This is when poetry awoke from its long sleep and flowered in my heart again. Until that point, my musical career had almost exclusively consisted of performing interpretations of old Delta blues, northern Mississippi Hill Country and Appalachian old-timey songs. They came with their own sometimes centuries-old lyrics, and I never had to do any lyrical heavy lifting.
Joe Bolton changed that. A familiar hunger began gnawing at me. It was the same hunger that first compelled me to pick up a guitar to wrest songs from wood and wire. This time, I was being drawn to summon words from the ether. I began writing songs with my own lyrics, which eased my hunger. I made a goal to record an album of all-original songs. I did it. Then I recorded two more.
And for a while, it kept the hunger at bay.
But all of these things I’m talking about take time, and one day I looked up and I was 35 years old. That may not sound old, but in undiscovered musician years, it might as well be 130. Musicians seldom make it big after age 30. I had reached the end of my professional road in music, with little hope of ever reaching much of a wider audience. I started volunteering at Tennessee Teen Rock Camp and Southern Girls Rock Camp, summer camps where teenagers learn how to be rock musicians. I figured, hey, if the bonfire of a dream of making a living in music has burned down to embers for me, maybe I can pass the spark on to someone who can build it back into a bright flame.
Working with these young adults, I fell in love with a very specific thing about them—the way they loved the art they loved. The way they let the art they loved move them and shape them reminded me of my own young adulthood. They created themselves in its image. The hunger I had managed to suppress for a while roared back. I wanted to make art for young adults. I was too old to make the kind of music that would reach them. So I decided to change horses completely and move to an artistic world where age is less of a limiting factor: book publishing. People regularly publish their first books well into their 40s, 50s and even 60s.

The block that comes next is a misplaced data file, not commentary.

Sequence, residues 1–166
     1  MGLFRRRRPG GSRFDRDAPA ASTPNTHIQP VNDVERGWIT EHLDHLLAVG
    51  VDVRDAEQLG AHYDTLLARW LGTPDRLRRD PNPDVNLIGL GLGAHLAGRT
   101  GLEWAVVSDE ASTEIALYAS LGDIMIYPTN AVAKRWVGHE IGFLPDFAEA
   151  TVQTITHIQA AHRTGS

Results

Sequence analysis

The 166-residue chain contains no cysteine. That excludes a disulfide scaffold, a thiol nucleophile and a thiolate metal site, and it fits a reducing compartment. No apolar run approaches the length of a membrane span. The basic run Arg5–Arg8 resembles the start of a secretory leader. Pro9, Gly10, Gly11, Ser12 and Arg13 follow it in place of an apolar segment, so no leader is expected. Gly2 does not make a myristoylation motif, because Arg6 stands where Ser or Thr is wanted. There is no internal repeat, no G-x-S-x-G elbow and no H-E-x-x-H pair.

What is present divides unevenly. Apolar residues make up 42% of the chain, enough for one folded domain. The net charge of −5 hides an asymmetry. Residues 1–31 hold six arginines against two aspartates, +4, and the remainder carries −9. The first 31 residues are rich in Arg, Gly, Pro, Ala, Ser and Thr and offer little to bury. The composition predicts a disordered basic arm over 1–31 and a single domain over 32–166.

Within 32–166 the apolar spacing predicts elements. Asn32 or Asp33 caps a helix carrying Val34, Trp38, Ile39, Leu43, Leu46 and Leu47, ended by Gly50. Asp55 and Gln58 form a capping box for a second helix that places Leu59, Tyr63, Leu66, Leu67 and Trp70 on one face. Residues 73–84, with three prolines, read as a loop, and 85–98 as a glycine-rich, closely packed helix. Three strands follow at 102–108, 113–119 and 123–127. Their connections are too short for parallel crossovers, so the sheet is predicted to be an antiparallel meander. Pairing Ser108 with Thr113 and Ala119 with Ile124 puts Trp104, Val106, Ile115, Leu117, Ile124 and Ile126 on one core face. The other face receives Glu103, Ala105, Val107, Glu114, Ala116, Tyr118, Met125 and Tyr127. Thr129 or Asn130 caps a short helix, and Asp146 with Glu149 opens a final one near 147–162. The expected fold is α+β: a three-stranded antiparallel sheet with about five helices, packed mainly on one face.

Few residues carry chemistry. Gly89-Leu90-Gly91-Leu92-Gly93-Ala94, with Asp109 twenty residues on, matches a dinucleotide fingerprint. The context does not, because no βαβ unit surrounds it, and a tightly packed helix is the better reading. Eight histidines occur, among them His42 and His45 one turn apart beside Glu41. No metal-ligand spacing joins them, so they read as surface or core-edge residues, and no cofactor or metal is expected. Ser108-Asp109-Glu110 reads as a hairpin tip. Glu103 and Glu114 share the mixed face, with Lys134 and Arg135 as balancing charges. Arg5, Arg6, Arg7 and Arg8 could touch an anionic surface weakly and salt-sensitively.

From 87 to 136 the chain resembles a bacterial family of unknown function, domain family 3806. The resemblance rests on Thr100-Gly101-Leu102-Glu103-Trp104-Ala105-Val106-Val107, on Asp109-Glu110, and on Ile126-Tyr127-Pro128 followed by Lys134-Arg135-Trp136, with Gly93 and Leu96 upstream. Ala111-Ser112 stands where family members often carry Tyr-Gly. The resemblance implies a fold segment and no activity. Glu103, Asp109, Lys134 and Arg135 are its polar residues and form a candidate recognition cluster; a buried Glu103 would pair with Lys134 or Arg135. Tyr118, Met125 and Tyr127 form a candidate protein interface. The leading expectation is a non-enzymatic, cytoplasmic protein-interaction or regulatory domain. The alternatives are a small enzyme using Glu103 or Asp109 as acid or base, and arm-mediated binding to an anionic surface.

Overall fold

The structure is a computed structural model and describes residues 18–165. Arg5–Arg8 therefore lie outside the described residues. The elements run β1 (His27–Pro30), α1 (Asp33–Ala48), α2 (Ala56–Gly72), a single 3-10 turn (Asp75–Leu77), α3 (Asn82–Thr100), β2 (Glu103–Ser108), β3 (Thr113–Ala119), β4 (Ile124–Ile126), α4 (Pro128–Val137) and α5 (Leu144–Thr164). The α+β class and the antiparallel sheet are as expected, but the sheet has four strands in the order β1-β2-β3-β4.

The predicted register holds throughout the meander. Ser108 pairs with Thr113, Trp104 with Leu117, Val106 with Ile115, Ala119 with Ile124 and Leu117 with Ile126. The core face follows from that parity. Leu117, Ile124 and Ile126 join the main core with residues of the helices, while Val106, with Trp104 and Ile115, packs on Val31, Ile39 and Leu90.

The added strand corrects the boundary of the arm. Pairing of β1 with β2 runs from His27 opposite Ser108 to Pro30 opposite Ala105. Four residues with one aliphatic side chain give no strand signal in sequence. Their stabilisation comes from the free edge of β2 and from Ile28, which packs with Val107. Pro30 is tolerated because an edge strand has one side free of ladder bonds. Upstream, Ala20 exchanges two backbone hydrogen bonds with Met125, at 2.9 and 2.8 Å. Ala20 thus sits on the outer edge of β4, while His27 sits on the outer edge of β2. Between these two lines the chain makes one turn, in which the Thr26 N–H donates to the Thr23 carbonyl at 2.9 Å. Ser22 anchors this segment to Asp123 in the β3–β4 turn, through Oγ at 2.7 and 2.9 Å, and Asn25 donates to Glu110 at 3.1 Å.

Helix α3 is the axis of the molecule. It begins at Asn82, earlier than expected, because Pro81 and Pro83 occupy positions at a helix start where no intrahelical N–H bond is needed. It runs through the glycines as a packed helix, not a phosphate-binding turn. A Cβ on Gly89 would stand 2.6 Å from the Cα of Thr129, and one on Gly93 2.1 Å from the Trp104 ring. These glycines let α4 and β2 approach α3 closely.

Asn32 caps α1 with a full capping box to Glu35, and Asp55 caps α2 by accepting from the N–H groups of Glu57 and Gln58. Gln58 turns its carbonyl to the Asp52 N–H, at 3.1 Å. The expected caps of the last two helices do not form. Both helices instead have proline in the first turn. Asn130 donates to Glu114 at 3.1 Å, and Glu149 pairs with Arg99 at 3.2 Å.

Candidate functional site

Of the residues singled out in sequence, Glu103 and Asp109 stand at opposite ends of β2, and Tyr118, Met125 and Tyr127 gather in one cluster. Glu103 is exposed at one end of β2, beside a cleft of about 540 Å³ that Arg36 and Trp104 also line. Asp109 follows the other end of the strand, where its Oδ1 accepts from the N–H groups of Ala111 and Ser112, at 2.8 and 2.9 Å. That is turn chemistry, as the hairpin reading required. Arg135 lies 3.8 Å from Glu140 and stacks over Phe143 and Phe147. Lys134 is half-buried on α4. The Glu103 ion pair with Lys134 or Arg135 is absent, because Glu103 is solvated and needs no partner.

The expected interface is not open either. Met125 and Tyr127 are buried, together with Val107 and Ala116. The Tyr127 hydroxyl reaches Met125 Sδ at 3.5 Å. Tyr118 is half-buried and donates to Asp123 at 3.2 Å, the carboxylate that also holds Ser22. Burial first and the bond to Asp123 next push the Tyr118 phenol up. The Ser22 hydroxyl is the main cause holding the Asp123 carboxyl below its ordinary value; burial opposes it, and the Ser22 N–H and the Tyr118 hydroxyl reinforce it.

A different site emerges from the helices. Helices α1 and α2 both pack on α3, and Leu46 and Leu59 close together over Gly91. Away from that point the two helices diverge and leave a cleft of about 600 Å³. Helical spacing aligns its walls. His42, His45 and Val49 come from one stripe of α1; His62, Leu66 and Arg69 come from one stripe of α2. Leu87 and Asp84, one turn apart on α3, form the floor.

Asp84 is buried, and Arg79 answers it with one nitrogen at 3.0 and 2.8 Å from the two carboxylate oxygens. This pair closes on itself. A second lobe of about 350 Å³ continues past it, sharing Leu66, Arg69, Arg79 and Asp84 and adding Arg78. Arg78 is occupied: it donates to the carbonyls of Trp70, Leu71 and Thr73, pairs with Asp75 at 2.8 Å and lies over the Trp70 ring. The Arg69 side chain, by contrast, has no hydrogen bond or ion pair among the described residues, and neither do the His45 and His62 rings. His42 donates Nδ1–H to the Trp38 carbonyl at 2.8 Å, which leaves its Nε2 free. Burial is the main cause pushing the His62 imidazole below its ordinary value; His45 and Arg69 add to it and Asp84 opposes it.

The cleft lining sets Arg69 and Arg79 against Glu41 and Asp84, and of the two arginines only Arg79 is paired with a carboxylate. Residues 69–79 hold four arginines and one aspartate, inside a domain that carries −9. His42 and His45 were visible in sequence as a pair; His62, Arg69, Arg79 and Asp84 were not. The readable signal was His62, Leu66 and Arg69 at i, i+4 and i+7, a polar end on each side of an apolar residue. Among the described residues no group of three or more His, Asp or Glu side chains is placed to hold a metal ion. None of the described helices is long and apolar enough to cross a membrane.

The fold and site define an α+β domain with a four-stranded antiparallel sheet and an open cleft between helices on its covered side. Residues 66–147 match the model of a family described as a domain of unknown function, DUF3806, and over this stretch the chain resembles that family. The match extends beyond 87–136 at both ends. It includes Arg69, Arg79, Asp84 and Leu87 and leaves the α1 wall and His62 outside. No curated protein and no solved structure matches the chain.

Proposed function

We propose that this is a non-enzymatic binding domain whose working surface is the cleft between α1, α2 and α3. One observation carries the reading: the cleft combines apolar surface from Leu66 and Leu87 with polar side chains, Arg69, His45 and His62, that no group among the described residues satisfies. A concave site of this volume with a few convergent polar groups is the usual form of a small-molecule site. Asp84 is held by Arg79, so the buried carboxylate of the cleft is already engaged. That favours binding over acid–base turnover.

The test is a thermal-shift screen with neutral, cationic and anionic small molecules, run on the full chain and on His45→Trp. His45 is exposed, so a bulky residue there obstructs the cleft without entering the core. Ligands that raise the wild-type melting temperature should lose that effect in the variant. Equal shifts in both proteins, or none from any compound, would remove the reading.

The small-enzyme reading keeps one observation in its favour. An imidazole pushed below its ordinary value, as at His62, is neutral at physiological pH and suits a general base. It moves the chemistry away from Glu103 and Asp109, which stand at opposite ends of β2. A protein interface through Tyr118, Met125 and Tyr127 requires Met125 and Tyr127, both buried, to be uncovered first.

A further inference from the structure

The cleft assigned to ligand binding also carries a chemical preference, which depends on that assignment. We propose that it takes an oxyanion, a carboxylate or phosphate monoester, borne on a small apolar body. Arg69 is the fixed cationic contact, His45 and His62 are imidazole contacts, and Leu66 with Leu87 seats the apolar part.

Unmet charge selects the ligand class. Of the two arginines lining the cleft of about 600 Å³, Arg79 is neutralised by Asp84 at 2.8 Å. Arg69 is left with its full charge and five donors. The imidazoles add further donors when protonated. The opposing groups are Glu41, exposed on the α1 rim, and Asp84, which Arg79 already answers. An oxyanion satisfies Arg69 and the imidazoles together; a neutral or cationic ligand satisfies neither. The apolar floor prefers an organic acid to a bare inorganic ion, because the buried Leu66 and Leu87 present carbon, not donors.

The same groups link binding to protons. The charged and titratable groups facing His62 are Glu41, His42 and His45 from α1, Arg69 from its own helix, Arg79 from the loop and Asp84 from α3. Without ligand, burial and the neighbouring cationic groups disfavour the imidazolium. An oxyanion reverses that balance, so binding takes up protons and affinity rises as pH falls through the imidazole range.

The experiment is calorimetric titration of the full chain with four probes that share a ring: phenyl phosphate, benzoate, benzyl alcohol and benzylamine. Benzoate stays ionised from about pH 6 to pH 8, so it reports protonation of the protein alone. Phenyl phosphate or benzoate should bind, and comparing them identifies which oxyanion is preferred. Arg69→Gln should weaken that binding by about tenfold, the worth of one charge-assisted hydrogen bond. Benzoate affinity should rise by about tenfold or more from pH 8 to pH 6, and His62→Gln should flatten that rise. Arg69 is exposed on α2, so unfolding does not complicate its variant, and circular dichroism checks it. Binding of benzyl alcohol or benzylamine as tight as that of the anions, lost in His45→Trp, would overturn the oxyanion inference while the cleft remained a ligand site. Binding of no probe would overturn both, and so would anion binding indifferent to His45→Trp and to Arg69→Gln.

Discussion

Writing YA novels felt pretty good and suppressed the hunger for a while. But a new hunger soon nagged at me. I wanted to write poetry. The idea of writing poetry for public consumption without having a guitar to hide behind terrified me. Then a thought occurred to me. What if I wrote poetry without writing poetry? What if I insulated myself by putting the pen in the hand of one of my characters and letting him write the poetry?
I came up with an idea for a story that would be Dead Poets Society meets Looking for Alaska—two best friends from Appalachia who end up attending an elite Connecticut boarding school, where one of them enrolls in a poetry class. That book, In the Wild Light, contains poems written by the character named Cash Pruitt. Cash Pruitt is, of course, me. It took almost 15 years, but I finally got up the courage to write poetry.
I have a new hunger now, to write and publish a book of poems without hiding behind a guitar or any of my characters—without tricking my publisher into making me a published poet.
I think that day will come. When it does, it will have come at the end of a great journey. I’ll be hungry until it does. I hope when I do it, it satisfies the hunger for a while.
But then I hope I get hungry again.
Author photo of Jeff Zentner courtesy of Annie Clark.